To Wash White Lace
The following recipe for washing white lace is generally found more successful than any other. Cover a glass bottle with white flannel, then wind the lace around it, tack it to the flannel on both sides, and cover the whole with a piece of flannel or linen, which sew firmly round it. Then steep the bottle overnight in an ewer, with soap and cold water. Next morning wash it with hot water and soap rubbing on the outer covering. Then steep it again in for some hours in cold water, and afterwards dry it in the air or near the fire. Remove the outer covering, and the lace is ready, no ironing being required. If the lace is very dirty, of course it must be washed a great deal.
To Wash Point Lace
It is at best a hazardous undertaking for an amateur to attempt, as with the greatest of care, the extreme antiquity of the lace causes it during the process to drop very much into holes, which can only be repaired properly by a professional and experienced lace mender. The first thing requisite for cleaning point lace is a frame ; this ca be made by taking out a slate from its frame, and winding round the latter some clean flannel or soft cambric. Into this frame the lace must be carefully fixed and laced in at the sides, in the same way that work is put into a frame, great caution being used lest the lacing should be too tight. With some Castile soap a warm lather should now be prepared, and a fine and soft brush gently having been dipped into it, the lace must be gently rubbed over with it until it is clean on one side, when, the frame being turned over to the other side. To remove the soap suds, clean water, in which a small quantity of alum has been dissolved, must be thrown over the lace; then, with some very nice thin starch or weak gum-water, go over the wrong side of it with a soft brush; let it dry, and then iron it gent- also on the wrong side. After this, open it and arrange it with a needle or a fine bodkin, applying a small rounded wooden instrument at the back of those parts which require raising on the right side. If point lace be not very much soiled, after placing it in the frame, as I have already described, it may be carefully rubbed or touched in the most soiled parts with a piece of the finest bread, using, of course, only the crumb and blowing or dusting this off when the operation is completed. Point lace should never look very clean, as connoisseurs consider its appearance spoilt when it is white in color.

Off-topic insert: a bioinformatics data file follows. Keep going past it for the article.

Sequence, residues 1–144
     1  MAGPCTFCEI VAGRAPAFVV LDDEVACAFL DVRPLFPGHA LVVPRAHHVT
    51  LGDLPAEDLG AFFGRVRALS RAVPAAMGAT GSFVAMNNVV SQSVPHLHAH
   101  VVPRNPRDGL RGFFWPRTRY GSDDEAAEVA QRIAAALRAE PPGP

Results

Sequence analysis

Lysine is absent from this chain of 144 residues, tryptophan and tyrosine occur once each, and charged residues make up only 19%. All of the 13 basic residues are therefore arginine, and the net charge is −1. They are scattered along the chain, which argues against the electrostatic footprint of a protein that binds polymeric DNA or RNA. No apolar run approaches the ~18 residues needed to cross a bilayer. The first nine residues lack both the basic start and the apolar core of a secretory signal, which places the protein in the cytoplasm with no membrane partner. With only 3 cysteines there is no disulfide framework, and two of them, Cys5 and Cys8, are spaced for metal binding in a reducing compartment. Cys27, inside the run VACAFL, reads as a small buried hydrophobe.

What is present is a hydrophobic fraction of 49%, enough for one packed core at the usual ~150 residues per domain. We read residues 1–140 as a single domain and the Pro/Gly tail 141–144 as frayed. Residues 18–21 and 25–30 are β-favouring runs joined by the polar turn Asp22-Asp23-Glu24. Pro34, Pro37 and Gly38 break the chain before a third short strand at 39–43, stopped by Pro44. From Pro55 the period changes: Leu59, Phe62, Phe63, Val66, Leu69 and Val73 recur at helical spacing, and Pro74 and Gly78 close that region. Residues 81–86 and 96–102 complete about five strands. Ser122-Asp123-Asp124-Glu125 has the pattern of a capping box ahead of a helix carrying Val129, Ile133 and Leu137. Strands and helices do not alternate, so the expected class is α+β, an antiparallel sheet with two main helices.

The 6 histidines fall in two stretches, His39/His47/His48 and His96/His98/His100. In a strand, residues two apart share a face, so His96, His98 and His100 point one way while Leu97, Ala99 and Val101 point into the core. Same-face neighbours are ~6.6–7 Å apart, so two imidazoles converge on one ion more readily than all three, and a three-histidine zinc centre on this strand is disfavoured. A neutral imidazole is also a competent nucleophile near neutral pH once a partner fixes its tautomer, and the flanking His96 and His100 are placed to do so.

Cement for Glass
An excellent cement for uniting broken glass may be made by dissolving in a pipkin over the fire (taking especial care that it does not boil over), one ounce of isinglass in two wine glasses of spirits of wine. This will be a transparent glue.
To Clean Decanters
First roll up in small pieces some whited-brown, or blotting paper; then wet and soap the same; put them into the vessel with a little luke-warm water; shake them well for a few minutes; then rinse the glass with clean water, and it will be as bright and clear as when new from the shop.